SA: Definitely. We take the burden issue very seriously. That is driven by a lot of different factors. You've identified a number of them. From the volume of measures, how those measures relate to actual clinical workflows and the care that's being provided, all the way to data collection and reporting issues and even the use of measures in, say, public transparency programs. We are open to reducing the volume of measures. Endorsement can be a great leverage point for that, so that we are putting into the ecosystem only the best measures that have been highly vetted and highly tested. I have some concern that there is just a proliferation of measures occurring without a lot of rigor put behind those measures. Of course, physicians and other clinicians are on the leading edge of all of that proliferation. They experience it right away. 

I think we can do a better job at helping the ecosystem identify the best measures. We can also get into a space where we really start dealing with systems, with sets and programs of measures instead of individual measures. That is conceptually a place where NQF needs to go so that we help to rationalize systems of measurement and the number of measures that are in use, and try to bring more harmony across the public and private sectors. 

RW: You were talking about the burden that sometimes individual doctors feel. Do you feel like there's movement on that?

SA: Yes. Part of the complexity of the whole burden discussion is that many factors could potentially drive burden. Where it's coming from, and to some degree the whole quality enterprise and ecosystem is a victim of issues that are endemic to health care, like the lack of interoperability. Why do we have so many nurses walking around on patients' floors doing chart abstractions in order to report quality data? That was not an inherent issue created by the quality enterprise. It's really by the state of affairs with health care data and lack of flexibility and usability of health care data. So I am looking for solutions in that space to mobilize health care data and use it as efficiently and as effectively as it could be used. 

Being concerned about burden on physicians is absolutely important. In clinical practice, I want to spend all of my time actually being with the patient and practicing, and not doing a bunch of administrative things. At the same time, I don't want the conversation about burden to undercut the very foundations of why we do quality work in the first place. There's a quality measurement and improvement paradigm because there continue to be fundamental issues in quality. The To Err Is Human report identified deaths occurring in the American health care system because of quality and safety issues. We have to remind ourselves why the whole quality enterprise exists. We have to remind ourselves that real improvement has been made over the last 20 years or so, that there's a continued need for improvement, and not to let the burden conversation overwhelm the centrality of quality and safety.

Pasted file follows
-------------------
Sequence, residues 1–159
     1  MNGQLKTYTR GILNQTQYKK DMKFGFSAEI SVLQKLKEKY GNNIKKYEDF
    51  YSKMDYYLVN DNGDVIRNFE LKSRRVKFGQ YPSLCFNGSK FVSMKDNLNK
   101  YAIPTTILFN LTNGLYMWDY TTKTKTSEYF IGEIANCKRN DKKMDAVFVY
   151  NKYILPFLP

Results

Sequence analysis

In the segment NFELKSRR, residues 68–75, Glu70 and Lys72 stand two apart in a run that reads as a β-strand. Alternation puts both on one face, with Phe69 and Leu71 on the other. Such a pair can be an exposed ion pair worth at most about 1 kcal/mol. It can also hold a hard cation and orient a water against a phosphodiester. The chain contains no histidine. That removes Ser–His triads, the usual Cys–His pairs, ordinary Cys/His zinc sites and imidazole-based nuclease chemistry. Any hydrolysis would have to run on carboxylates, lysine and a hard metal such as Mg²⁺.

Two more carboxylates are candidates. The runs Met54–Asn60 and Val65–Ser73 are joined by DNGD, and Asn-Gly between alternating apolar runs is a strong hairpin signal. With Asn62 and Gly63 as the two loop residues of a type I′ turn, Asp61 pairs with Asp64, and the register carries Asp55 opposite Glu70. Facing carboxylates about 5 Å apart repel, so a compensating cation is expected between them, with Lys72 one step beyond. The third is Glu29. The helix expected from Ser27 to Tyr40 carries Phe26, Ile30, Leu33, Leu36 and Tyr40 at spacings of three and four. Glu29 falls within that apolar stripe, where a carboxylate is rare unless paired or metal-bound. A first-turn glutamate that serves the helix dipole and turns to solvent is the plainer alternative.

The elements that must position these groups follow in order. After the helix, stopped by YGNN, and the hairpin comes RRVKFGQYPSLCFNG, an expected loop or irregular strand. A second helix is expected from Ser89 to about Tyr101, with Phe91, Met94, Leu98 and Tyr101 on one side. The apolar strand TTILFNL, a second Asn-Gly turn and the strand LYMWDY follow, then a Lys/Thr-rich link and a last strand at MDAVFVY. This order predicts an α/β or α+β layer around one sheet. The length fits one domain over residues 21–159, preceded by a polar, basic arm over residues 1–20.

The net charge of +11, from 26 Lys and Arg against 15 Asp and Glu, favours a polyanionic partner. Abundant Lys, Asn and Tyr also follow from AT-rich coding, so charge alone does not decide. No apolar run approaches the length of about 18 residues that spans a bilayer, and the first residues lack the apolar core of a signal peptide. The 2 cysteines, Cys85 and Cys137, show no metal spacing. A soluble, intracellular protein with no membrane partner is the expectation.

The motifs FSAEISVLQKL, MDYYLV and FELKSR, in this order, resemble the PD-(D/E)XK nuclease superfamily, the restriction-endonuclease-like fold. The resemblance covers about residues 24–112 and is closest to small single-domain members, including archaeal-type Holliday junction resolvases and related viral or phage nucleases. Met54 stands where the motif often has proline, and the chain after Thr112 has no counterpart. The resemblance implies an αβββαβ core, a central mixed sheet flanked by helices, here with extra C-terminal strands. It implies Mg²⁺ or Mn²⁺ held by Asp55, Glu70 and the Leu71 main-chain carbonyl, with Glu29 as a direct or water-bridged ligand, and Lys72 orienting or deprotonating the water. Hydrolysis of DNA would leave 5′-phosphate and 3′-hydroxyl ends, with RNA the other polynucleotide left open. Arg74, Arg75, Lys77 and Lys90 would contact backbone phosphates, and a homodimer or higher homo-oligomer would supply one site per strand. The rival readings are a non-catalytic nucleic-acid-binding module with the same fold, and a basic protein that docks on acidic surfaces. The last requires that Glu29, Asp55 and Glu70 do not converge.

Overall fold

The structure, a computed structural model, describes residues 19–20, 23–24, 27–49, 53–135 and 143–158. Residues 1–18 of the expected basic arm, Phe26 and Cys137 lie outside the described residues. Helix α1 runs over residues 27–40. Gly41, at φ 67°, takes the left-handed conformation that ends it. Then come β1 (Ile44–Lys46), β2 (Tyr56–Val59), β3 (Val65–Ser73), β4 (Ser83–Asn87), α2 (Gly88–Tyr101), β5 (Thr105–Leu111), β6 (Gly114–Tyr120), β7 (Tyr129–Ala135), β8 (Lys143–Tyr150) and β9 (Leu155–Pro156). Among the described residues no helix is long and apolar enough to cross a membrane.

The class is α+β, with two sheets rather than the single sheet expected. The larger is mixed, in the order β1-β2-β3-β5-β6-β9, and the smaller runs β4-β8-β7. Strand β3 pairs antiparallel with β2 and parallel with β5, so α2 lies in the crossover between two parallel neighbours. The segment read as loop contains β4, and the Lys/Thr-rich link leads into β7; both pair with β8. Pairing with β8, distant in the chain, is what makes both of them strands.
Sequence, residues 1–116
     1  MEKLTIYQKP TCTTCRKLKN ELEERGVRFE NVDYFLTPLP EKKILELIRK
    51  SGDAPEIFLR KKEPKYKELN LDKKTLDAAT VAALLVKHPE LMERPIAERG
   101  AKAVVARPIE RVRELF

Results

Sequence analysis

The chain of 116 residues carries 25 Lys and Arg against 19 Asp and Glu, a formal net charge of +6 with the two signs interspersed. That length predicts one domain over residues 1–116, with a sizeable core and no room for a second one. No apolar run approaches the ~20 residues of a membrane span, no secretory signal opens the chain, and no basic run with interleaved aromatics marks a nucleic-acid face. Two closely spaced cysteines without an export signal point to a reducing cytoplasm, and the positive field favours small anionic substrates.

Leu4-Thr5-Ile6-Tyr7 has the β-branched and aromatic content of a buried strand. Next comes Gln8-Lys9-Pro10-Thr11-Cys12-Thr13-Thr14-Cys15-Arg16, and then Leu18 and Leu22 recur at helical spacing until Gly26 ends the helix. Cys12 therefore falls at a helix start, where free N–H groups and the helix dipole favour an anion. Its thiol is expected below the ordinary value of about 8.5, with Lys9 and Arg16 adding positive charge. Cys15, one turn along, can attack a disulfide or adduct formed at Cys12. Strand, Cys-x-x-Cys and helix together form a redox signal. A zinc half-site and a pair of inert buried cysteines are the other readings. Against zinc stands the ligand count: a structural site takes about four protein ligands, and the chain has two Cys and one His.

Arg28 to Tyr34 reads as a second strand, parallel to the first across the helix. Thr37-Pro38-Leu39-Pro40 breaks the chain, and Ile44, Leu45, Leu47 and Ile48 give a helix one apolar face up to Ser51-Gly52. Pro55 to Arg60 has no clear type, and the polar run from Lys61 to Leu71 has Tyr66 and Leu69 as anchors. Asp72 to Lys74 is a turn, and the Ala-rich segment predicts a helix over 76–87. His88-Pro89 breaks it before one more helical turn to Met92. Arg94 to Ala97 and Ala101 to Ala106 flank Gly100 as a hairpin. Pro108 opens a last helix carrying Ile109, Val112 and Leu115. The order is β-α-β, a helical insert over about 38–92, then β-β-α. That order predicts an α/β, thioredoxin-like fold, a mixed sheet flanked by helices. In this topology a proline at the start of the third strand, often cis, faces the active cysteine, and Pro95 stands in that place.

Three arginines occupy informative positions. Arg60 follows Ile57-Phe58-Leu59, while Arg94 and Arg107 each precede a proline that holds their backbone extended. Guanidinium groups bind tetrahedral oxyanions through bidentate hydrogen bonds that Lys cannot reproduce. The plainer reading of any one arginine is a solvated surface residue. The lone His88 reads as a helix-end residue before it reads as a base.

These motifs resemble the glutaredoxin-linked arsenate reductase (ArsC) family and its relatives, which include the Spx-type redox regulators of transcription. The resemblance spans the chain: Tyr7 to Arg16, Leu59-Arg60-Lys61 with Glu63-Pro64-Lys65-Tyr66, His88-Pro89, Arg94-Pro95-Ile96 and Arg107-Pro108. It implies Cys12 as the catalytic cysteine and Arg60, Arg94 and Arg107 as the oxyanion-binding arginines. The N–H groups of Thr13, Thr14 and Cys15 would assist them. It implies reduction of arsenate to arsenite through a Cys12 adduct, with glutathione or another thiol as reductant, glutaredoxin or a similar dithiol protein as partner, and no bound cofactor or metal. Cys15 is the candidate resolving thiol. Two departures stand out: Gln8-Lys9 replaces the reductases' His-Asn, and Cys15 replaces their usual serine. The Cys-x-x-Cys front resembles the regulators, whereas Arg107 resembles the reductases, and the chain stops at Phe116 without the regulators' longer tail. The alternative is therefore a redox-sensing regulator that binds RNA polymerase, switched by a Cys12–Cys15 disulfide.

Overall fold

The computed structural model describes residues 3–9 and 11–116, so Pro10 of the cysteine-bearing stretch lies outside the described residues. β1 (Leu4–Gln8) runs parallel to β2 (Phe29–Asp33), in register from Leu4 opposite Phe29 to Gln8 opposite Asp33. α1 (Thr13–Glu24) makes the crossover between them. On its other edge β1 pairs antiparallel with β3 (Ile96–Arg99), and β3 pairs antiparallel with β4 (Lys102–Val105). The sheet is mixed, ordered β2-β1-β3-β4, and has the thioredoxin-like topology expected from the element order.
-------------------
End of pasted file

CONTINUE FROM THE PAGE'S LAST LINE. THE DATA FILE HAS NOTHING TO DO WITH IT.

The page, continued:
RW: You mentioned earlier that the organization is moving a bit from just the measurement part of the equation to also supporting improvement. What does that look like?

SA: That has definitely been a focus area of mine. I see from my own clinical practice, where there is still sometimes a major divide between what we know to be good and what we're able to achieve. There are more than 5000 hospitals and health systems around the country and many, many more physician practices. There's an unequal distribution of knowledge and expertise. An organization like NQF can help address that situation. We can take our knowledge of measurement, our expertise, and apply it to the science of improvement. We can take our core strengths—whether it's looking at the evidence, convening the experts in the room, and looking at case studies and anecdotes—and we can distill out what some best practices are that can be practical for health systems and clinicians to help guide the improvement that we want to see. 

I fundamentally believe our mission is about quality improvement. It is not merely about measurement. The more that we can do to connect our measurement side to the front lines, to the pragmatism of quality improvement, the better off we are as far as our relevance. We've done some work in the last couple of years taking steps in this direction. We did work this year on opioid stewardship, and we released a playbook on how delivery systems can implement opioid stewardship approaches. We've done similar work on shared decision-making and on antibiotic stewardship. We have projects right now, two of them in social determinants of health, one in serious mental illness, another on serious complex illness generally. These are all places where there is robust measurement, there clearly needs to be improvement, and where we can provide practical guidance so delivery systems know how to improve—not just what good looks like.

This project was funded under contract number 75Q80119C00004 from the Agency for Healthcare Research and Quality (AHRQ), U.S. Department of Health and Human Services. The authors are solely responsible for this report’s contents, findings, and conclusions, which do not necessarily represent the views of AHRQ. Readers should not interpret any statement in this report as an official position of AHRQ or of the U.S. Department of Health and Human Services. None of the authors has any affiliation or financial involvement that conflicts with the material presented in this report. View AHRQ Disclaimers